To make matters more complicated, Bruce was the uncomfortable third-party in an All-American pop-culture Trinity, whose two other points were Ronald Reagan and Rambo. Or was he uncomfortable? The scrawny kid who'd flunked his draft exam now looked like he'd gambled a stamp on Charles Atlas -- did he share a personal trainer with Stallone? Those of us listening to his between-song patter thought he was pretty clear in his denunciation of Reagan's "interest" in El Salvador, but this political message seemed to be lost on the Reagan-adoring masses who flocked to the concerts. The natural question -- Was The Boss too oblique? -- gradually took an insidious form: Was The Boss being purposefully oblique?

Finally, there was the issue of the music. Listening to Live 75-85 from beginning to end hammered home the point that you either loved the music, with all its maudlin slap-bang energy, or you ... wait, did I just type "maudlin"?

Ah, the creeping chill of self-awareness! Bruce Springsteen and the E Street Band sure enough had their own unmistakable imprint, but after four hours of Live, even diehard Bruuuuce fans had to wonder if he wasn't a little too reliant on the air-horn honkings of sax-man Clarence Clemons. And what was with those freaky little Glockenspiel bits during the slow numbers? Honeymoon ... just about ......... over.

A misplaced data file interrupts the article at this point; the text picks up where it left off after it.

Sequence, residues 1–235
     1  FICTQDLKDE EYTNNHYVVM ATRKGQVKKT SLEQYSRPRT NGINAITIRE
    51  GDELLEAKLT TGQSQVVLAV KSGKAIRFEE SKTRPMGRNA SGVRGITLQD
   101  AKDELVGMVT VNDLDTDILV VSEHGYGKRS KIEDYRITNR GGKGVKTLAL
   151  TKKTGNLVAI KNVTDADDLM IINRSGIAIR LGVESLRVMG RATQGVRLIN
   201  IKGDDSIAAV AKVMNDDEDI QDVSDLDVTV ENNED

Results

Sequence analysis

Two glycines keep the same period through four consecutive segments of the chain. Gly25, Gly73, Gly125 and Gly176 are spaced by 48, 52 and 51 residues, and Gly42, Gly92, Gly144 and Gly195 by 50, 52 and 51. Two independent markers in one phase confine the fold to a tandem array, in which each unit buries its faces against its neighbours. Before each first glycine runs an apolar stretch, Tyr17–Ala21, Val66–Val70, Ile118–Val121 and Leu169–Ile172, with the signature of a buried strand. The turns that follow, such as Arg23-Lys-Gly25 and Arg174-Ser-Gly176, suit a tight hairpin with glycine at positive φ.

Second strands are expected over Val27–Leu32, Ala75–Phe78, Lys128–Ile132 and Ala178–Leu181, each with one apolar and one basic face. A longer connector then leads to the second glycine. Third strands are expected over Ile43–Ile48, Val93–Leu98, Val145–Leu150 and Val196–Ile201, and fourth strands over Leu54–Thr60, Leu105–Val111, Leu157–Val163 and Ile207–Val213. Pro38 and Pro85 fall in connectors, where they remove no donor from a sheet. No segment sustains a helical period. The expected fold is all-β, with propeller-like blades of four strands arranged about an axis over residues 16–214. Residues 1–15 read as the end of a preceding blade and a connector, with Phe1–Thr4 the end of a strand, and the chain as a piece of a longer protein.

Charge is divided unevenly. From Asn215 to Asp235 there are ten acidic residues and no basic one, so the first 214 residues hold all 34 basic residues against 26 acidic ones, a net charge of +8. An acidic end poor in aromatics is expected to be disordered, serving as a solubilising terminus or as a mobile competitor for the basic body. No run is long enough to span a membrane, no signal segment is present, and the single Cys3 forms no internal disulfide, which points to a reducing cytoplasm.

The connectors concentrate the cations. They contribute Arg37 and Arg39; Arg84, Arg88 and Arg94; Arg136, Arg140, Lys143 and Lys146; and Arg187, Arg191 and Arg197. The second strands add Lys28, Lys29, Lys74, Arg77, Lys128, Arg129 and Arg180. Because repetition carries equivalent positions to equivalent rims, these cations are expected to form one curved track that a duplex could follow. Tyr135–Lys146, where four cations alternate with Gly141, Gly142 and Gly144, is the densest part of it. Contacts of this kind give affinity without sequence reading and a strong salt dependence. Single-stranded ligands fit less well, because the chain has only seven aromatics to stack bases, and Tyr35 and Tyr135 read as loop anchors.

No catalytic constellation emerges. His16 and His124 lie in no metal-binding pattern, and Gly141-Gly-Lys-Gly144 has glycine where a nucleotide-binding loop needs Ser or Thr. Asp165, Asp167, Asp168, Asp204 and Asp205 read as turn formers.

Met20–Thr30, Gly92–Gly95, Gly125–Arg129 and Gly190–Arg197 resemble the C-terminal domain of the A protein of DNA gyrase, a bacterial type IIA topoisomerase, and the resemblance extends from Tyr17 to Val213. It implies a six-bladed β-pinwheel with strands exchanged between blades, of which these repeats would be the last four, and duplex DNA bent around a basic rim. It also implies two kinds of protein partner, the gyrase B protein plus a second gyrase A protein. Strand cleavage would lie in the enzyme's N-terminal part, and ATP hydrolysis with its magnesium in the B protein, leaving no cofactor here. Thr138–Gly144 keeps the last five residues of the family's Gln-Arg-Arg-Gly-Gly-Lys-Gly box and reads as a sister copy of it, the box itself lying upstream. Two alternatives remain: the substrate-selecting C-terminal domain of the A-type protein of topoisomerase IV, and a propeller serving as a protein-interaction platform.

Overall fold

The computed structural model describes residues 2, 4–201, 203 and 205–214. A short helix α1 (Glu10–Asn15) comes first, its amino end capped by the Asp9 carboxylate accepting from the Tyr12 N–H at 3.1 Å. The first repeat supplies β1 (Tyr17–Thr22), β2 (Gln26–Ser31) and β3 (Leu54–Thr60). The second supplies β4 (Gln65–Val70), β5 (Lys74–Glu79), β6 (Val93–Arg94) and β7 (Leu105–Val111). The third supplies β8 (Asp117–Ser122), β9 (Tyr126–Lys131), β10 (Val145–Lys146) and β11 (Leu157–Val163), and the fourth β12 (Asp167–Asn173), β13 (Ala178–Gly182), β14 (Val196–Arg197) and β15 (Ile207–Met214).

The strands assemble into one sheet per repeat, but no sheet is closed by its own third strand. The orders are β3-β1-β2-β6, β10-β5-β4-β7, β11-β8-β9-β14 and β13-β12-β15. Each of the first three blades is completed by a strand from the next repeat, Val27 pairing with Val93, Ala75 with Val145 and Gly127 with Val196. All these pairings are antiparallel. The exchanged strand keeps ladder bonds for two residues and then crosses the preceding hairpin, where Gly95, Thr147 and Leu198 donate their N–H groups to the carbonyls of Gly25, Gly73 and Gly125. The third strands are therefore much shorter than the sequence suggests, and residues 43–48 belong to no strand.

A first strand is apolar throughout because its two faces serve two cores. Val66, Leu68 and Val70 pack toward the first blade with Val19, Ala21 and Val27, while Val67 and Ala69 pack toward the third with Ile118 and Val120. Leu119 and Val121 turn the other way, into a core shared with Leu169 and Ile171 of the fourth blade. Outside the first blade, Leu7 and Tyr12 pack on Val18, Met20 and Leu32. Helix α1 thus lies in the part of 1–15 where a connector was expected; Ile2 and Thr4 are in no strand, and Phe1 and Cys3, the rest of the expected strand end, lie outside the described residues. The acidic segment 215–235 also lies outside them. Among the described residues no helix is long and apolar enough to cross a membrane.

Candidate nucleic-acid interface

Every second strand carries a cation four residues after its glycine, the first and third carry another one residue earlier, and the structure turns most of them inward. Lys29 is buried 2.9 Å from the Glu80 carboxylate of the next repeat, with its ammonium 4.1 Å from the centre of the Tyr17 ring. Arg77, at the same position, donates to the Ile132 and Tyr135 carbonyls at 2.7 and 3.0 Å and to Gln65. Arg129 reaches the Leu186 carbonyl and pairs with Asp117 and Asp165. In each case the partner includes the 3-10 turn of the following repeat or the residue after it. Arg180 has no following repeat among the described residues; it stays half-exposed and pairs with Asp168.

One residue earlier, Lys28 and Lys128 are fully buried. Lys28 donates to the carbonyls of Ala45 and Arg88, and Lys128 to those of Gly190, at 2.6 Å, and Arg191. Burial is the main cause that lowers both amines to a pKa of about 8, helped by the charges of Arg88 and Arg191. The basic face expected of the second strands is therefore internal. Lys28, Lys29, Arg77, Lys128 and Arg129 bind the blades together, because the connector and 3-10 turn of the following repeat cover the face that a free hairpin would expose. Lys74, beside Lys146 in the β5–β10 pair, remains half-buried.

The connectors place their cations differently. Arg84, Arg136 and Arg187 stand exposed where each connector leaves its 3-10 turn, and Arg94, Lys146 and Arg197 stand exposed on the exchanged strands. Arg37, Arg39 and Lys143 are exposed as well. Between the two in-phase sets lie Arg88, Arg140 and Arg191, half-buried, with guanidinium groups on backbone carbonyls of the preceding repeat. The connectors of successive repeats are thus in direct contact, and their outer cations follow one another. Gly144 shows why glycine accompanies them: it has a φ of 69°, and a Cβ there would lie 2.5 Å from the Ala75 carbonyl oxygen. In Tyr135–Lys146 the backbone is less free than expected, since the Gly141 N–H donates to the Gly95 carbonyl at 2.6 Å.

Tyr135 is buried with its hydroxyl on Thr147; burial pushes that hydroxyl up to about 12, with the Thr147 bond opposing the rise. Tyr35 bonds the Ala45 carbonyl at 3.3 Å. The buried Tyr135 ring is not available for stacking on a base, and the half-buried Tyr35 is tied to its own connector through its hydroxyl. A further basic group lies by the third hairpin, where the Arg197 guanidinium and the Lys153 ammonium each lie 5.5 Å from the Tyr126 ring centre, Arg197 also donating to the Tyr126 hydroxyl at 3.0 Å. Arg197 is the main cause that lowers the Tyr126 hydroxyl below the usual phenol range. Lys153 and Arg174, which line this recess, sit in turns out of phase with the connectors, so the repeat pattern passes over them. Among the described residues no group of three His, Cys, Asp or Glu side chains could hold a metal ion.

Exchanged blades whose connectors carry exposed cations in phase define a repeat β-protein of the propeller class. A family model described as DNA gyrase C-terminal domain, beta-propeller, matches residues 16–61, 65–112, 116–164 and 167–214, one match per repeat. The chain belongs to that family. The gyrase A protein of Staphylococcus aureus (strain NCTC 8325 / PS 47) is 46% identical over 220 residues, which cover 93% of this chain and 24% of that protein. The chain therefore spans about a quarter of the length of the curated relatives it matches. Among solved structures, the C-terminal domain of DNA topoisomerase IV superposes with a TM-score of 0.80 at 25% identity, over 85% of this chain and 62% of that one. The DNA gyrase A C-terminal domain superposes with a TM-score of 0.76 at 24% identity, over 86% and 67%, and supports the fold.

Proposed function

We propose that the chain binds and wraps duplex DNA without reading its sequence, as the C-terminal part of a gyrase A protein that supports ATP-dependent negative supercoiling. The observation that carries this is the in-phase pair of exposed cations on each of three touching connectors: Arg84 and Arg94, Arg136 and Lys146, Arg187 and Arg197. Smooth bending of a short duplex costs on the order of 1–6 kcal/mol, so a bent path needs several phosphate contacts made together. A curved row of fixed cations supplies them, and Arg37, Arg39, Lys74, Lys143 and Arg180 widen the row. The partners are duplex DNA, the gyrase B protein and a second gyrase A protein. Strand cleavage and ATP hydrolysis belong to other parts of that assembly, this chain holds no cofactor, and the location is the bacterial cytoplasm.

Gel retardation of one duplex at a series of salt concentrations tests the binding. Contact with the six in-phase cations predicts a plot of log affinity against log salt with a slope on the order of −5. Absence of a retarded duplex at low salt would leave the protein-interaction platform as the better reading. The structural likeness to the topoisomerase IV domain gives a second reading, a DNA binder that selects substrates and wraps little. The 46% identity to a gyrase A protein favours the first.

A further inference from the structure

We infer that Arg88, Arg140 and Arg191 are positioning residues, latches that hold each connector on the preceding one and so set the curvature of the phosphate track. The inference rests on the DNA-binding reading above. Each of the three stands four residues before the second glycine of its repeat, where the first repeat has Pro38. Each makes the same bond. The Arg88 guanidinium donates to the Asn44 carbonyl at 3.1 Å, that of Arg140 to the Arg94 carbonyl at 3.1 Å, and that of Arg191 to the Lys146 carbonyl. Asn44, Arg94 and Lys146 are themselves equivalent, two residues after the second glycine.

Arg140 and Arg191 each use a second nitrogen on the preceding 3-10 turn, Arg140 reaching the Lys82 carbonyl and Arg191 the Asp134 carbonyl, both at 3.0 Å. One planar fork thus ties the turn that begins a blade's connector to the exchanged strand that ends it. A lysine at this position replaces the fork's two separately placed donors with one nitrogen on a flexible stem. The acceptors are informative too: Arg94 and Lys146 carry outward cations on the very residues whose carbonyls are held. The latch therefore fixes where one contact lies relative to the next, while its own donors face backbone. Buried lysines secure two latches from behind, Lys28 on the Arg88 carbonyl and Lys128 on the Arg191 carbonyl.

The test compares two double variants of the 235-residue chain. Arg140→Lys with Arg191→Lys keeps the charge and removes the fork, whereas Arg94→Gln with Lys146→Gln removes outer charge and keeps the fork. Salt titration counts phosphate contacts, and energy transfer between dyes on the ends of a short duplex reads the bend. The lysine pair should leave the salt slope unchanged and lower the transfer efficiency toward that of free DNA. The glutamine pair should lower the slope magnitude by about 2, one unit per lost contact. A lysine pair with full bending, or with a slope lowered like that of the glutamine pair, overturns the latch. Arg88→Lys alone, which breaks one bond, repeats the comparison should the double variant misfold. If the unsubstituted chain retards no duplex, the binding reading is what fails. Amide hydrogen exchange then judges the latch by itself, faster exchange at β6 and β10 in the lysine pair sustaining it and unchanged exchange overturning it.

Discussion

Nerd! Rock snob! Consumer!!! Colour me embarrassed and guilty as charged. There is, however, a moment in this monumental gathering of noise, that still exerts a powerful grip on me and gets me dabbing at my eyes. It's located smack in the centre of disc 2, and it begins unpromisingly with a history lesson and a rendering of Woody Guthrie's This Land Is Your Land*. (Joe Klein's book, BTW, is indeed worth reading.) From there, Bruce slips into his troubling first-person account of an unrepentant killer, in Nebraska. He follows this up with the laid-off GM worker, and unlikely folk hero, Johnny 99. And closes the set with Reason To Believe. "Believe what?" is the natural question. The answer seems to be, "That it's worth your while."

Somehow these three songs act as emotional proof positive. I loved them in 86, and I love them 20 years later. You can even call me a fan of The Boss -- a crummier fan than he deserves, perhaps, but a fan nonetheless.

*Some endnotes: I think this guy's take on The Boss is more perceptive than most. And although Springsteen sings more verses of Guthrie's anthem than we are accustomed to hearing, he sees fit to steer clear of the discomfitingly anarchistic lyric:

As I was walkin' - I saw a sign there
And that sign said - no tress passin'
But on the other side .... it didn't say nothin!
Now that side was made for you and me!

Woody's got more where that came from, at his son Arlo's site, here.